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His day in court

Topper's testimony kicks trial into high gear

A chatty Disney CEO Michael Eisner took the stand Monday to testify in a shareholder action that seeks to recoup the $140 million severance package paid to Michael Ovitz after his disastrous 14-month term as president.

Eisner’s first day of testimony was a relaxed affair, with the topper sporting a Mickey Mouse tie and trying to be forthcoming. Questioning focused on his enterainment industry training — “I’ve been on the upside and downside of hot many times” — his rise to the top position at Disney and the early days of his friendship with Ovitz.

In the coming days, testimony can be expected to get far more intense.

Eisner must convince the Delaware Chancery Court judge, Chancellor William Chandler III, that the hiring of Ovitz was more than just a personal favor and was carried out with the fully informed consent of the board of directors.

At the same time, he has to argue that Ovitz’s misdeeds while he was prexy of the Mouse House did not rise to the level of gross negligence — a standard that could have been used to nullify the terms of the severance agreement.

The shareholder case, originally filed in 1997, has been going on for several weeks. Eisner is expected to be on the stand for several days; Ovitz testified earlier in the trial for a total of five days.

In other testimony early Monday, former board member Roy Disney said that he first saw signs Ovitz was out of step with the corporate culture of the Mouse House three weeks after he came onboard as president.

Disney said that he attended an informal executive luncheon in October 1995 that was thrown by Eisner. Others in attendance commented that Ovitz was always late, Disney recalled, and he remembered thinking it odd that Ovitz already had a reputation of being tardy just a few weeks into his employment.

“It was something like cocktail hour, without the cocktails, but with that kind of babble,” Disney said.

“Ovitz burst into the room and it just stopped, like the switch got turned. He looks across the room and says, ‘I got a date with you at 3:30, see you at 4.’ He then vanishes into the phone booth and was gone another five minutes before he came and sat down. I got a funny sense from the body language of those in the room that there was an uncomfortableness about the relationship. In the more sensitive part of my brain, I thought, ‘Uh-oh, there’s trouble there in River City.’ ”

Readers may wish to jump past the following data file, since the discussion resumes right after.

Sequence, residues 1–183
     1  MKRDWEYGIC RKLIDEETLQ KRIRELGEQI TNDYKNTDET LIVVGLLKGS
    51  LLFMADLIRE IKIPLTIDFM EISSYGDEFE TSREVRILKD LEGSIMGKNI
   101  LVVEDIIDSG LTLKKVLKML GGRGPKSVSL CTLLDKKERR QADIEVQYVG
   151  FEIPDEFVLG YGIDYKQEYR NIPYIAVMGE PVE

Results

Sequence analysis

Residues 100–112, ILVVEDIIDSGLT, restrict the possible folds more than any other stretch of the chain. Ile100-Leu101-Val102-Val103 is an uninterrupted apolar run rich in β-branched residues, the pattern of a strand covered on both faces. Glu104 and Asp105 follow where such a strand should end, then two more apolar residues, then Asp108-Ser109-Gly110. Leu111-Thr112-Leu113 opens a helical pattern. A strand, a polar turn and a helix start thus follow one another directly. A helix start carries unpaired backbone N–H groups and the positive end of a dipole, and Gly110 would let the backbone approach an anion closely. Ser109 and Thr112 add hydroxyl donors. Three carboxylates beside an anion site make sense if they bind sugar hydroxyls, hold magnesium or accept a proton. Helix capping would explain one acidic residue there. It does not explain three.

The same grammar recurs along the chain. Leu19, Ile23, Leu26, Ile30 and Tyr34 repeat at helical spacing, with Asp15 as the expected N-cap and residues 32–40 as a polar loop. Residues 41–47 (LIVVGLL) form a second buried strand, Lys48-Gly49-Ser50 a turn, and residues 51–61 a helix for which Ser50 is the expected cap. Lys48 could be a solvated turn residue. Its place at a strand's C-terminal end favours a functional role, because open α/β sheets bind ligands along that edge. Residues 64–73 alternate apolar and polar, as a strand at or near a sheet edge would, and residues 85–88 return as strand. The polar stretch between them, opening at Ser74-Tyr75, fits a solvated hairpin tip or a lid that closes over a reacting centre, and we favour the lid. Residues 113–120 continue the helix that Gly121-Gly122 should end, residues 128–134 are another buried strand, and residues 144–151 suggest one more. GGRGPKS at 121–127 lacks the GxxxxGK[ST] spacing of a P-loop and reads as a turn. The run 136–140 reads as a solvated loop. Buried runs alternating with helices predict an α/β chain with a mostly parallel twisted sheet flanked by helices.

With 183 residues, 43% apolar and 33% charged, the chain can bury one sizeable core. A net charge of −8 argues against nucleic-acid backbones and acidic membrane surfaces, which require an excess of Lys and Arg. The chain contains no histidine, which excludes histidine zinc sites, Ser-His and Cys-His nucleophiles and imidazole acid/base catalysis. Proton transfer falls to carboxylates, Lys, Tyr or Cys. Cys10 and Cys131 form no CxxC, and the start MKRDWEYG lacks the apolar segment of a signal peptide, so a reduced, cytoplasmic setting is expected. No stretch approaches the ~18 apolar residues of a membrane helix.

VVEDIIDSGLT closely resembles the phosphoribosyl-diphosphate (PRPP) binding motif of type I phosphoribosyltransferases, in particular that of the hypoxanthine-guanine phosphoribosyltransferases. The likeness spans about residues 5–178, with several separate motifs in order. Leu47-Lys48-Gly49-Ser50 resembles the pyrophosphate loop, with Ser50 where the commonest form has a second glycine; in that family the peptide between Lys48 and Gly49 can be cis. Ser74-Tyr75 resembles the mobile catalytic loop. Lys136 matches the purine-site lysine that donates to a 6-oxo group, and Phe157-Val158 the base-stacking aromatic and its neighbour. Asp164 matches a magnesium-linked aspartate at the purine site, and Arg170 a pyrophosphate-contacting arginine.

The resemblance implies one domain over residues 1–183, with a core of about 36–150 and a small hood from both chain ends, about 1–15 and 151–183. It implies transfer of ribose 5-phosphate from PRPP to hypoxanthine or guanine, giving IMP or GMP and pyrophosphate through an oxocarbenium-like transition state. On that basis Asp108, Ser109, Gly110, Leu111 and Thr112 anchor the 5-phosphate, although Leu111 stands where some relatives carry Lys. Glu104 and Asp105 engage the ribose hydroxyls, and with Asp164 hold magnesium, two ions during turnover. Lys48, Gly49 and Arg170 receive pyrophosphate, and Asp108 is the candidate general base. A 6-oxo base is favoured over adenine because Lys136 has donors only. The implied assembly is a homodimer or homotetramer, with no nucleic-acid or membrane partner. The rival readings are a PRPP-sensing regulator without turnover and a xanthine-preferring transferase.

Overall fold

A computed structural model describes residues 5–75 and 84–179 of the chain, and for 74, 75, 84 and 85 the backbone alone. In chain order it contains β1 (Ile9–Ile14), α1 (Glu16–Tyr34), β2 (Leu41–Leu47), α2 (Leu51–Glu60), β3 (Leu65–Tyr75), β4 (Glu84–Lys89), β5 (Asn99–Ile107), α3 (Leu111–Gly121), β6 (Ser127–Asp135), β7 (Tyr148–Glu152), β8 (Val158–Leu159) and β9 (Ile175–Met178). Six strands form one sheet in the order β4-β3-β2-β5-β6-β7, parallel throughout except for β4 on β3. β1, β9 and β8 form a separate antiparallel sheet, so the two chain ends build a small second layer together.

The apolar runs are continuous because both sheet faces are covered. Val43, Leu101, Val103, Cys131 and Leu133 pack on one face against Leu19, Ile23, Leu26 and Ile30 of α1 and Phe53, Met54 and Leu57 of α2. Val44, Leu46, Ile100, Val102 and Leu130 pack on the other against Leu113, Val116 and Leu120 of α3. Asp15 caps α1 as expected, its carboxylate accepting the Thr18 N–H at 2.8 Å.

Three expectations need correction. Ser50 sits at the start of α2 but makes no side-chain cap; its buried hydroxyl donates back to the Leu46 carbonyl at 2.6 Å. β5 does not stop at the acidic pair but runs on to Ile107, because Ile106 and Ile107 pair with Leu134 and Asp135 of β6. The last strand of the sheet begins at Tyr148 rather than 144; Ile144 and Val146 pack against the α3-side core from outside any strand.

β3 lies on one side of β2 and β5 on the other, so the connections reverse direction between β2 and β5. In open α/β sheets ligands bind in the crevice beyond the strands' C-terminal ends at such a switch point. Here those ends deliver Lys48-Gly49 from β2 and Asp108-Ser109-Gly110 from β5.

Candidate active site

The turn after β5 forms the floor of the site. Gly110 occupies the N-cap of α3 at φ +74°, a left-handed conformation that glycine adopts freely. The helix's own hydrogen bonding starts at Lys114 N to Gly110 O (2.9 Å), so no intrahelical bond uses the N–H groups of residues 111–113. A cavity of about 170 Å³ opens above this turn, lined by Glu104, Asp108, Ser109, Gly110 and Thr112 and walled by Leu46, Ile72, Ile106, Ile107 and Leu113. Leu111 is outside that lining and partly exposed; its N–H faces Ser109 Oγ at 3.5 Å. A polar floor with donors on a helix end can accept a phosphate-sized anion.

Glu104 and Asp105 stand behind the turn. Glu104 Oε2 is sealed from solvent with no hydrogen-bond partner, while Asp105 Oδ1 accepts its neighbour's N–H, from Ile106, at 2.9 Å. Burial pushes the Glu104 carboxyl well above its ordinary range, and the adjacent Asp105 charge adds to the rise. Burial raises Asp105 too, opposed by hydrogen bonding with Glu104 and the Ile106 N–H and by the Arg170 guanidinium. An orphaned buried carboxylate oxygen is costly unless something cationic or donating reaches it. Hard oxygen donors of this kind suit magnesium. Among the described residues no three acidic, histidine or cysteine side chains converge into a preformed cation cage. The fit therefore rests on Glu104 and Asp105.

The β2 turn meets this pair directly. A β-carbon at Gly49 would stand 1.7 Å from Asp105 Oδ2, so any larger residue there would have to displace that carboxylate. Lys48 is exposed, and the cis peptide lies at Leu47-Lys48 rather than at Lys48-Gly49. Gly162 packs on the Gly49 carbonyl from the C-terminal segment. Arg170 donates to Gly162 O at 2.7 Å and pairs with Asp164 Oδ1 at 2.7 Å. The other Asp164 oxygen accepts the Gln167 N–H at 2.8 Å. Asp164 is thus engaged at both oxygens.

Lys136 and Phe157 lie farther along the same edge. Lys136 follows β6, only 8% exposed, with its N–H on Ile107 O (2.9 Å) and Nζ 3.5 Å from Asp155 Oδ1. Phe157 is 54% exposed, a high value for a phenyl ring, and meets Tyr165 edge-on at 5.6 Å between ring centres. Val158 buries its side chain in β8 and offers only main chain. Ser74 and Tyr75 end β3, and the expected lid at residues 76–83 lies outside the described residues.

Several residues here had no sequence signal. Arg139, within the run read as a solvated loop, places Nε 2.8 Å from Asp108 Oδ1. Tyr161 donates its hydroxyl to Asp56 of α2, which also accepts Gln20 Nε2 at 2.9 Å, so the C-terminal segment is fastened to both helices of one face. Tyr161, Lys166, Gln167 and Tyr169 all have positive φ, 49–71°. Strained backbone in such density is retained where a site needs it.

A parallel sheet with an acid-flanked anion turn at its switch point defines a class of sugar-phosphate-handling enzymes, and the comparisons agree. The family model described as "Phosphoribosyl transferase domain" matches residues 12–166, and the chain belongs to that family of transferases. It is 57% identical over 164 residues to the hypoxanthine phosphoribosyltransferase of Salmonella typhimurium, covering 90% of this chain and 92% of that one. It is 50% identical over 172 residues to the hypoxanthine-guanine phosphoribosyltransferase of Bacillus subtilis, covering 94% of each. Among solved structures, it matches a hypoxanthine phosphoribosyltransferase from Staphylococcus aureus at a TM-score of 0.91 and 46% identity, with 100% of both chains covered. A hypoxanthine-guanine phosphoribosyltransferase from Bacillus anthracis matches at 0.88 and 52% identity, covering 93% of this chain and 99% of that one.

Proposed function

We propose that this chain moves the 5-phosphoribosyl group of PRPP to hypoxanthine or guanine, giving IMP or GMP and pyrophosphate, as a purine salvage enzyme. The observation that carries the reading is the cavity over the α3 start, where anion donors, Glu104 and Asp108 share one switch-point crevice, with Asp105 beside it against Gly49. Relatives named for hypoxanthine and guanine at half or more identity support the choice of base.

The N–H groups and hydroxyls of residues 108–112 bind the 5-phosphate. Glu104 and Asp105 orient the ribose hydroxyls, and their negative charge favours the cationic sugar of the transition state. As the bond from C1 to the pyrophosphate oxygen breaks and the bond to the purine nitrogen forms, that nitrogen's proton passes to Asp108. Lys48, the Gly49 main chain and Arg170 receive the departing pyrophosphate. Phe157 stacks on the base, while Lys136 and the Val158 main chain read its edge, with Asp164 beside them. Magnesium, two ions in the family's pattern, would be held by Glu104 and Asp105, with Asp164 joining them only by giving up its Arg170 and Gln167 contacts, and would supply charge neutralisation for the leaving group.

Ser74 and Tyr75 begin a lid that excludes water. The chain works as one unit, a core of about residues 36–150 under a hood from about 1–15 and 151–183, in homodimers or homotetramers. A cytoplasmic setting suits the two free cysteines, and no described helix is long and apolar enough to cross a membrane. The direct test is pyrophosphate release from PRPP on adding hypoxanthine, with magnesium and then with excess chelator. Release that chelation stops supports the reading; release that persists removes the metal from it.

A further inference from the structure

In another circumstance, Disney recalled Ovitz’ discomfort with the public gladhanding that came with his post at Disney.

“I had to ride in a parade with him in a car through the streets of New Orleans, and our names were plastered all over the sides of the car,” Disney testified. “I was kidding with him, trying to get him to wave to the crowd and explaining that the fun of being in a parade is waving and getting a response back. We are Disney, after all. He had a hard time with that, he was a very private person, but I finally got him to wave.”

Despite these incidents, on an individual professional level, Disney firsthand saw no fault with Ovitz during his tenure at the Mouse House despite rumblings through the grapevine that he was losing support of other execs.

“It’s one thing to do this with massive hindsight and another thing to pinpoint your own feelings at the moment,” Disney said. “I actually had a pretty good relationship with Michael Ovitz while he was there. God knows the rumor mill was on full overtime — there was hearsay going around in every room on the lot — and you try very hard to discount it all, but you have to believe the tenor of what comes to you.”

Disney said that he asked no specific questions about the financial terms of Ovitz’s hire and that while he knew it was a substantial pact he did not know the value of the salary, stock options or bonus that were offered.

Disney testified that he trusted Eisner and the topper took “enormous pains to tell us that he and Ovitz could work together.”

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